Tottenham Cake

This week’s “Baked Geography” is from London, specifically Tottenham, which is an area of north London about 6 miles (10 kilometres) from the centre.

Tottenham hasn’t always been part of London.  In the times of the Domesday Book it was a hamlet beside the Roman road linking London with Lincoln and York (Ermine Street).  However, London has gradually expanded, and the countryside has been filled with housing, so that Tottenham is now part of the city.

The Smith family are from London on the south side of the River Thames, and they are going to help you make Tottenham Cake.

Taster dad said, “A nice fluffy sponge,” and “Able to taste all the flavours of topping; raspberry and coconut”. “The cake though is quite sugary” so “probably not very healthy”.  Apparently, he needed to sample 3 pieces to be sure of those conclusions!

You will need:

  • 150g self-raising flour
  • 1 teaspoon baking powder
  • Finely grated zest of half a lemon
  • 125g unsalted butter or margarine
  • 125g sugar
  • 2 large eggs
  • 2 tablespoons milk

And for the icing:

  • 125g icing sugar
  • 1 tablespoon mulberry (or raspberry or blackberry) juice
  • 1 tablespoon water or lemon juice
  • Desiccated coconut for sprinkling (optional)

Preheat the oven to 180°C or 350°F or Gas 4.

The cake is usually cut into squares so you should bake it in a rectangular tin if possible.  A baking tin of 22cm x 15cm would be ideal for this recipe.  Grease it and line it so that the cake doesn’t stick.

Put the flour into a large bowl and stir in the baking powder and lemon zest.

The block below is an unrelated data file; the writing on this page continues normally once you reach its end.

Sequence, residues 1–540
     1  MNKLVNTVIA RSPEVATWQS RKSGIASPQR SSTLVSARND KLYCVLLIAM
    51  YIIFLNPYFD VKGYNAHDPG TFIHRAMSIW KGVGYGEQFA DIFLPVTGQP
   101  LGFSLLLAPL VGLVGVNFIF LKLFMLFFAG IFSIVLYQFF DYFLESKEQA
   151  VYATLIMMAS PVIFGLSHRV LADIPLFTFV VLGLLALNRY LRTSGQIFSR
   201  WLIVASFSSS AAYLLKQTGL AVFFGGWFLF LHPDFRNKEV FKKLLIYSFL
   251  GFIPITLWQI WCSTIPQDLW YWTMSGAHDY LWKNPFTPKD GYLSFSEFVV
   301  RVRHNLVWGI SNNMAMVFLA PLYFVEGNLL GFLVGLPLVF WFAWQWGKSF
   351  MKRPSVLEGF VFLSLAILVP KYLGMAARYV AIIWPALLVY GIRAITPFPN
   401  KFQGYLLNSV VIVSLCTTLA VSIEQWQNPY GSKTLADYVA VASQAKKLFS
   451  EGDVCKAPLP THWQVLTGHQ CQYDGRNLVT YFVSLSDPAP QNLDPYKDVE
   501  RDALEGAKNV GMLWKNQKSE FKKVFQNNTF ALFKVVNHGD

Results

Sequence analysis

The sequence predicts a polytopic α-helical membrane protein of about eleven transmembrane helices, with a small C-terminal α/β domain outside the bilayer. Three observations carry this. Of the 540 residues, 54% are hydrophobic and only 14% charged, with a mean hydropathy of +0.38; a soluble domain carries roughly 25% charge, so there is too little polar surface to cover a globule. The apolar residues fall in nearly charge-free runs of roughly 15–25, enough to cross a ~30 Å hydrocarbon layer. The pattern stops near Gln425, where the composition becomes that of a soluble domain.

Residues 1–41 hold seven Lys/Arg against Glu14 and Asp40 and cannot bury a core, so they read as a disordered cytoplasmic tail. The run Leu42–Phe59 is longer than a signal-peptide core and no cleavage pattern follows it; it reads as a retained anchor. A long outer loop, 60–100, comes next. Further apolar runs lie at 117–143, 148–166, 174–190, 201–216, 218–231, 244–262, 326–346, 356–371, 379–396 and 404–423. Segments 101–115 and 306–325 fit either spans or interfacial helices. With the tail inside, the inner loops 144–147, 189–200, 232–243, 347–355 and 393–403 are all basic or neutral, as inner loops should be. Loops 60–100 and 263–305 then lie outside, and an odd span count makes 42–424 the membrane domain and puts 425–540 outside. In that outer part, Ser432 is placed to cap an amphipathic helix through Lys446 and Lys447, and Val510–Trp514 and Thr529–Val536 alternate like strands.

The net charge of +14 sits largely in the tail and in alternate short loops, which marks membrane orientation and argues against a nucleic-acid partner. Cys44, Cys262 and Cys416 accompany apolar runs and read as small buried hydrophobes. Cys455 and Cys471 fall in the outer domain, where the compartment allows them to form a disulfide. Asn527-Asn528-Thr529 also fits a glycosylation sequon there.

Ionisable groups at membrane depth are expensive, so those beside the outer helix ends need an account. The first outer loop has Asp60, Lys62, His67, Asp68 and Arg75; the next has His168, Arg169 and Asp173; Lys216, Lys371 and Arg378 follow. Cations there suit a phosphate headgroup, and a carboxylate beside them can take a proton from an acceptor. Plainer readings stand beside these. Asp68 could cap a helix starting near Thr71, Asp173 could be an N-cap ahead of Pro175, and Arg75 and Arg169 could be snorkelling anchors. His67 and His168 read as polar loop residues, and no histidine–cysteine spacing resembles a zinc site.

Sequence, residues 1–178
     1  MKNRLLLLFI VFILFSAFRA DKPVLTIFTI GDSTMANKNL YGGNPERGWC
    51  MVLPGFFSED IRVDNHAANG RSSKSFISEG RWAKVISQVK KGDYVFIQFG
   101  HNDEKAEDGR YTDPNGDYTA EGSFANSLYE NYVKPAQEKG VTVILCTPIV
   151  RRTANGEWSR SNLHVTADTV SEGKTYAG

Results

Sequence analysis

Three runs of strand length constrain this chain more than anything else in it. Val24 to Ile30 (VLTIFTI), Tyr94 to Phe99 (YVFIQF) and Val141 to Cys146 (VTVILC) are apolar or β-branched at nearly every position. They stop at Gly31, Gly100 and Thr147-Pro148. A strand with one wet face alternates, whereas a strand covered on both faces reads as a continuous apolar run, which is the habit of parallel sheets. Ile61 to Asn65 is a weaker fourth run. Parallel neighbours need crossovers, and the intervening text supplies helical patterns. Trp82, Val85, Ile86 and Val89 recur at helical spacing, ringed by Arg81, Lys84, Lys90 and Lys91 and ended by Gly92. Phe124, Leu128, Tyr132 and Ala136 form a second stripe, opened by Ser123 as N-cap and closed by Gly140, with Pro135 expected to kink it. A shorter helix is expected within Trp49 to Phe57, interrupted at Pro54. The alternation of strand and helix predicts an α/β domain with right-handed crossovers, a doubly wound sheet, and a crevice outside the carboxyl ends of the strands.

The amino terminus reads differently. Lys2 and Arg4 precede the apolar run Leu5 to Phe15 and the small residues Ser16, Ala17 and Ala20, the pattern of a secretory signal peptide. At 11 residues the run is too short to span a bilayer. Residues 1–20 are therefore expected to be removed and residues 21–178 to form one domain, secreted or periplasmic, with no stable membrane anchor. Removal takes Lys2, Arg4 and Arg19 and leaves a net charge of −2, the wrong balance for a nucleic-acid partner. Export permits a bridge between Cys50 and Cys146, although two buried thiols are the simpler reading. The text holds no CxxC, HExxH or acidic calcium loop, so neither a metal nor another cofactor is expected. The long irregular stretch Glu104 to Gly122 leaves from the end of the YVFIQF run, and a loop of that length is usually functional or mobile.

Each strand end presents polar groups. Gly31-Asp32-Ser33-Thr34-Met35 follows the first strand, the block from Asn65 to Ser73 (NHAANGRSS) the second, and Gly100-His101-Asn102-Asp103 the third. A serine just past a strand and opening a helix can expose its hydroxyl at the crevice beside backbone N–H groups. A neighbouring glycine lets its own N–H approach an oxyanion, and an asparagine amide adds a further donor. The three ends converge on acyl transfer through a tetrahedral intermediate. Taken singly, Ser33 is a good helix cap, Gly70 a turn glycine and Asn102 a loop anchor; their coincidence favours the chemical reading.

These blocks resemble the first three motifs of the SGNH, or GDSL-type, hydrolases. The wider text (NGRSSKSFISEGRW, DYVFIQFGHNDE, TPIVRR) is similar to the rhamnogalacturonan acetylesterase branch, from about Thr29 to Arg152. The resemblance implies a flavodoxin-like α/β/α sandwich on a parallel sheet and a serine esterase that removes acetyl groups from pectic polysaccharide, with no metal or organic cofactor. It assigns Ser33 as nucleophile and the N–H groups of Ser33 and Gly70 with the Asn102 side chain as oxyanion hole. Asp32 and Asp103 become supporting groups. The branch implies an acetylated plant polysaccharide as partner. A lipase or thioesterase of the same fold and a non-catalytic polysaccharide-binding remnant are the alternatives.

Take another large bowl.  Put the butter/margarine and sugar into this one and use a wooden spoon to mix them together.  Beat the mixture well.

Add one egg and beat thoroughly.  You want to get plenty of air bubbles in the mixture.

Add the other egg and beat thoroughly again.

Now start to add the flour, a bit at a time.  Stir it well but don’t beat it because that would help the air bubbles to escape.

Finally, very carefully, stir in the milk.  You want to mix it in but don’t stir any more than you need to, so that the air bubbles stay in the mixture.

Pour the mixture into the greased and lined tin.  You can use a knife to smooth the top.

Bake for 20 – 25 minutes.

To check that the cake is cooked through, push a skewer or a knife into the middle and pull it back out.  If it comes out covered in cake mixture, then it needs longer in the oven.

When you are sure that it is cooked through, bring it out of the oven but let it sit in the tin for 15 minutes.  Then turn it out onto a wire rack to cool completely.

Once the cake is cold, make the icing.

Put the icing sugar into a bowl with the red juice.  Add just enough lemon juice or water to make the icing runny and spreadable.

Spread on the top of the cake and, if you want to, you can sprinkle with coconut.

Once the icing is hard, cut the cake into squares and serve.

The recipe says that it will keep for a week in an airtight container, but I don’t think the Smiths tested that bit!